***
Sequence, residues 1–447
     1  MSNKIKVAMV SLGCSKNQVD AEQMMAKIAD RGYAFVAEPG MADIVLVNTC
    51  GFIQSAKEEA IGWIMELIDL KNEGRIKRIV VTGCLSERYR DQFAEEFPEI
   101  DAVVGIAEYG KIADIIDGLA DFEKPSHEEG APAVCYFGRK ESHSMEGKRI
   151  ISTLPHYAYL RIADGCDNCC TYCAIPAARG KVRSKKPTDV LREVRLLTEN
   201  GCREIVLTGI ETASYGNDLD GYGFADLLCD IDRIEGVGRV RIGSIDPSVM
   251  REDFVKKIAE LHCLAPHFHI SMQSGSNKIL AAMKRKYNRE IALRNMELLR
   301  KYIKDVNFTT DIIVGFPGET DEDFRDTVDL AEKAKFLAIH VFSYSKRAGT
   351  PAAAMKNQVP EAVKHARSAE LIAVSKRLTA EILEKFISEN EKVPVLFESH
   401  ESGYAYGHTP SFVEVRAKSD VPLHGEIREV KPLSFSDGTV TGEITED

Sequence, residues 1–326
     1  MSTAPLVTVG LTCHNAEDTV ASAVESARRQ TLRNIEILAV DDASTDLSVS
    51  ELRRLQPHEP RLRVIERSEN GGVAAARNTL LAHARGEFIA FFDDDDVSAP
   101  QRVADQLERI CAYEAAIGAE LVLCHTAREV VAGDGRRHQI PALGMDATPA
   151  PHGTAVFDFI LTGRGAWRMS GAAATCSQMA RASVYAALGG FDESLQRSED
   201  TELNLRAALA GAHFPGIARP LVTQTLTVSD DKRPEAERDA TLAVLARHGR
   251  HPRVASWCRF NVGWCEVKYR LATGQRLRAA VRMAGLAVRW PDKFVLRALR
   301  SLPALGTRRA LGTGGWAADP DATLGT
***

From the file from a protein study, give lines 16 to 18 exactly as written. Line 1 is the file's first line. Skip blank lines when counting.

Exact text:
   201  TELNLRAALA GAHFPGIARP LVTQTLTVSD DKRPEAERDA TLAVLARHGR
   251  HPRVASWCRF NVGWCEVKYR LATGQRLRAA VRMAGLAVRW PDKFVLRALR
   301  SLPALGTRRA LGTGGWAADP DATLGT